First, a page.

I guess we were all guilty, in a way. We all shot him. We all skinned him. We
all got a complimentary bumper sticker that said,"I helped skin Bob."

I bet the main reason the police keep people away from a plane crash is they
don't want anybody walking in and lying down in the crash stuff, then, when
somebody comes by, act like they just woke up and go,"What was THAT?!"

The face of a child says it all, especially the mouth part of the face.

Ambition is like a frog sitting on Venus FlyTrap. The flytrap can bite and
bite, but it won't bother the frog because it only has little tiny plant
teeth. But some other stuff could happen and it could be like ambition.

I'd rather be rich than stupid.

If you were a poor Indian with no weapons, and a bunch of Conquistadors came
up to you and asked where the gold was, I don't think it would be a good idea
to say, "I swallowed it. So sue me."

If you define cowardice as running away at the the first sight of danger,
screaming and tripping and begging for mercy, then yes, Mr.Brave man, I guess
I'm a coward.

I bet one legend that keeps returning throughout history, in every culture,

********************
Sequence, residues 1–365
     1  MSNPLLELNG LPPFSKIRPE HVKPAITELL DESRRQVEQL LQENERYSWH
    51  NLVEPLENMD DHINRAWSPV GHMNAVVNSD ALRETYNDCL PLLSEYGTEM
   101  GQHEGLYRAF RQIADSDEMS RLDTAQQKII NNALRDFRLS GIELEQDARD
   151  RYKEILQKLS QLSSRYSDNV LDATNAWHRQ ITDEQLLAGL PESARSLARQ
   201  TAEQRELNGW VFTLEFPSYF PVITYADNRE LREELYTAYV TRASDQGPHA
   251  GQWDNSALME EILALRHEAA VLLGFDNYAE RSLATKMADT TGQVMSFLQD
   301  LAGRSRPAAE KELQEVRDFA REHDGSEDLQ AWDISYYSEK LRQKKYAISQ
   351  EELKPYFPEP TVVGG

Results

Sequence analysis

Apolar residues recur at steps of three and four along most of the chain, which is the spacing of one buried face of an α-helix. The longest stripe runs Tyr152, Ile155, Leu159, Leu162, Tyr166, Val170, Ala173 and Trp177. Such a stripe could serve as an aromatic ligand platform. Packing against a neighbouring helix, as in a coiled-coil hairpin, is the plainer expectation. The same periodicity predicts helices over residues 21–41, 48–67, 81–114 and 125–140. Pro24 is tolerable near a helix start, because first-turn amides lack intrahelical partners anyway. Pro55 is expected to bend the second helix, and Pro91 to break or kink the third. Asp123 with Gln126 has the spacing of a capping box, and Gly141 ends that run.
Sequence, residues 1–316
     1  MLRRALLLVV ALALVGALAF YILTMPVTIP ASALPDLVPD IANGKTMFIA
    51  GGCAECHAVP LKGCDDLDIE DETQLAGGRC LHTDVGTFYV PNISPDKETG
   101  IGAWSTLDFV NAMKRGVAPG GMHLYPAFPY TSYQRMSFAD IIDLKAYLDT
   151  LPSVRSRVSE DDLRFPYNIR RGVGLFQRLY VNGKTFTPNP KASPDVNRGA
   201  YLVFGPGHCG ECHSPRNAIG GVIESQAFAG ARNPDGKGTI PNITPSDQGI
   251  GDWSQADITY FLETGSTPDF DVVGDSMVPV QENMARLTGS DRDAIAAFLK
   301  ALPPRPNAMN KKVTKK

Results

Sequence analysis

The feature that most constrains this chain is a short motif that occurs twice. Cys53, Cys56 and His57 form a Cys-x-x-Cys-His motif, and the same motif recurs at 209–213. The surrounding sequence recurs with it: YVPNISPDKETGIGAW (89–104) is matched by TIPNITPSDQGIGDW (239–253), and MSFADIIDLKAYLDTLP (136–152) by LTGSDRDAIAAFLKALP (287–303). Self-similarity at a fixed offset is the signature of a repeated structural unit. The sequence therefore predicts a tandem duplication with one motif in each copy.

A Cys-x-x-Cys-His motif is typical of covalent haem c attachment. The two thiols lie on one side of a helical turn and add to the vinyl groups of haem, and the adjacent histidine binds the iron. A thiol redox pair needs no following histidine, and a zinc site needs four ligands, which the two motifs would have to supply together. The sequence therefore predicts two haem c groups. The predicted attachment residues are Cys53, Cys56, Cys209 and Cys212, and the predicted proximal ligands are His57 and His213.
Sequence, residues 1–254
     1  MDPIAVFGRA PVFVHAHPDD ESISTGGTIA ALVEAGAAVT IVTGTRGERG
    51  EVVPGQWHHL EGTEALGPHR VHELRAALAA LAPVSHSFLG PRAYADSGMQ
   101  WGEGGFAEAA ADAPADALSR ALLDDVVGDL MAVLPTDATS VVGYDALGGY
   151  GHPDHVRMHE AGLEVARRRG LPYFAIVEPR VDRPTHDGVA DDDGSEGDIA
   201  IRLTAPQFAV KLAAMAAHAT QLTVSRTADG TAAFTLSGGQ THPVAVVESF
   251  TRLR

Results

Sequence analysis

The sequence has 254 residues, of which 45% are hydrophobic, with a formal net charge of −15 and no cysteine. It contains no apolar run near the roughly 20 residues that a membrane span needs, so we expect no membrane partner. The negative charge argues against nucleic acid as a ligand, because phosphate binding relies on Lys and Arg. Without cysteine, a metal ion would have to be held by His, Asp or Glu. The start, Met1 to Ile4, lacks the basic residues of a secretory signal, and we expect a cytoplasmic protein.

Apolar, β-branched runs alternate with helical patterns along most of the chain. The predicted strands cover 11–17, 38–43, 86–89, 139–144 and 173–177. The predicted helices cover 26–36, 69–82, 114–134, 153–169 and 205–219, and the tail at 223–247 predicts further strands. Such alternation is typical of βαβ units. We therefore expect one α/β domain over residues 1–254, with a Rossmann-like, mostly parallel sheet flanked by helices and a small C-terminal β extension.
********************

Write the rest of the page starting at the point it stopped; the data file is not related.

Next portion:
is the story of Popeye.

When you go to a job interview, I think it's a good idea to ask if they ever
press charges.

To me, boxing is like a ballet, except there is no music, no choreography,
and the dancers hit each other.

What is it that makes a complete stranger dive into an icy river and save a 
solid gold baby? Maybe we'll never know.

We tend to scoff at the beliefs of the ancients. But we can't scoff at them
personally, to their faces, and this is what annoys me.

Probably the earliest flyswatters were nothing more than some sort of
striking surface attached to the end of a long stick.

I think someone should have had the decency to tell me the luncheon was free.
To make someone run out with potato salad in his hand, pretending he's
throwing up, is not what I call hospitality.

To me, clowns aren't funny. In fact they're kind of scary. I've wondered
where this started and I think it goes back to the time I went to the circus,
and a clown killed my dad.